Alessandro: Mostly my grandfather’s art because it’s highly affordable. It was all free! And then I have some of Adrian’s things, and then some of Saul’s things, and then apart from that nothing, except for photography. I have some photography. Emily’s brother-in-law was one of the great rock photographers, his name is Gered Mankowitz, and he did some of the seminal photographs of the Rolling Stones and Jimi Hendrix, and so I have one of his original prints of this Rolling Stones concert. And then there are some photographs of the husband of Emily’s best friend, who is a great photographer named Mischa Richter. Mischa Richter was a New Yorker cartoonist and was a contemporary of my grandfather, and then his grandson, who is my age, is also named Mischa Richter as well, and he is a photographer.
Adrian, how do you look back at some of your visits to Saul’s?
Adrian: I think I was nervous to be with Saul because he was formidable. And he could be austere at times, even though he had this other side of being very playful with us, too. But there was a sense that you had to watch what you said around him. I remember this one time; I’m not sure if I told you this before, but I was sitting in his living room, and when I had seen a drawing he had made on the wall and I told him that I loved the drawing, he said, “Good for you.”
He taught a lot of tough lessons, in a way?
Alessandro: He had no interest in social graces. He was one of those people who was very comfortable in his own skin and didn’t feel the need to put on a show for anybody. So if he happened to be in a mood where he was feeling entertaining or mischievous, then that’s what you would get; if he happened to be in a mood where he just didn’t give a shit, then that’s what you’d get.
Did he have to invite you? Or you could wander over?
Alessandro: I remember just knocking on his door.
Adrian: I think that he was so, so much more intelligent than anybody else around him that he would often get bored in social situations, and at times he would bat people around like a cat with mice.
He sounds intimidating!
Adrian: Well, it’s a very hard thing to describe those qualities without also mentioning the avuncular, more affectionate side he had towards us.
Alessandro: You never felt that he was pointedly trying to be cruel to you.
Adrian: I remember another episode where my grandmother went over to his house with this ugly plastic devil knowing that he would hate it. As a joke, she said to him when she gave him the present: “Saul, I give you a devil because you are a devil.” He put it up on his shelf and it stayed there.
Is there an artist beyond your family whom you’re particularly in love with?
Alessandro: In my case, I’m most drawn to the period of art in which my grandfather was working. I never really thought about this until now, but if I were to be able to put on my walls just any piece of art that I wanted — my home would look like the Venice Guggenheim — that’s just because that is what I grew up seeing all the time.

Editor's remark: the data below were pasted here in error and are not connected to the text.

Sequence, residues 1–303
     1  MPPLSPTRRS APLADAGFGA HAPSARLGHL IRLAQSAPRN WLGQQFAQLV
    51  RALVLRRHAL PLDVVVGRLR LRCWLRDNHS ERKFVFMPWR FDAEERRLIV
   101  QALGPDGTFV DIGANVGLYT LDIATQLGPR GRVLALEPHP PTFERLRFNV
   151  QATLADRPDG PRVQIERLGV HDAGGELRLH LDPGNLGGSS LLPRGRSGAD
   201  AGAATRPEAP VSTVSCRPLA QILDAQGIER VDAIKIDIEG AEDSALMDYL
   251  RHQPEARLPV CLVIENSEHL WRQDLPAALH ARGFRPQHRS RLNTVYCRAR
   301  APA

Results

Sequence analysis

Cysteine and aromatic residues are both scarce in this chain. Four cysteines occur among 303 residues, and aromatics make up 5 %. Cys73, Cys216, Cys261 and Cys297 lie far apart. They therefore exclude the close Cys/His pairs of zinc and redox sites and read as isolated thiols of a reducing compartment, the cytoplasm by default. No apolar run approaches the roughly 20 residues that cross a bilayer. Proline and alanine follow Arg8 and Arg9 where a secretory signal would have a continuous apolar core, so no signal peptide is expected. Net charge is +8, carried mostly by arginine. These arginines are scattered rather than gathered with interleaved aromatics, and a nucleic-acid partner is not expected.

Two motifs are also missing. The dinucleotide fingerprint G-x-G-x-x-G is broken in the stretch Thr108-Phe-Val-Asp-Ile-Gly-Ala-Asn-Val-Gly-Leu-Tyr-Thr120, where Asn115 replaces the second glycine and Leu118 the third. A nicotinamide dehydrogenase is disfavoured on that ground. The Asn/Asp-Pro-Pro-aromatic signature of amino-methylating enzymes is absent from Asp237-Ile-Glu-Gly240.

Where as Adrian has had such a more extensive art education than I — he has passions for works of other eras. I mean, I have it, too, if I go and see a Rembrandt, a Bonnard, or any of the great paintings. But I feel that there’s something about this era that is both explosive and muscular and bold, but also kind of romantic and aesthetically beautiful, the combination feels familiar to me.
Adrian: So many … I went and saw the Goya show; I wouldn’t mind having that enormous painting of Goya’s Infante Don Luis. Have you seen that? Have you been to see the show in Boston? You have to go.
Alessandro: What is the Infante Don Luis?
Adrian: Oh, the Infante, he was the younger brother of I think Carlos [Charles] III, and he was a potential threat to the succession of the crown. In order to eliminate that threat, he insisted that his brother marry a woman of lower noble rank so that their children would be taken out of consideration of the future throne of Spain. And this Infante was somebody who loved people from all walks of life; he didn’t want to live just surrounded by the nobility, and he married a woman who was not of the same rank as he. And then they had children and they had this sort of court like in exile. And so Goya was his court painter, and he painted an image of all of the characters in the court in a group portrait, and it has all of the nuanced psychologies of every member of that strange domestic life that they would have had together, and he placed her portrait right in the dead center of the image, which is one of the most crazy moves any painter could make because, I mean, it’s daring to the point of crazy. I mean, it’s dead center from where it’s impossible to move your eye; your eye locks in there. But he put her head there, and it gives the effect of marginalizing the Infante. This woman has power of the destiny of the court. And you just get a sense of his love of all the characters of the court, and the life of this environment, but also their own sense of their uselessness, and that they have no future. He orchestrates that so beautifully in this complex composition, and as such a young man, and it blew me away. He took unbelievable risks.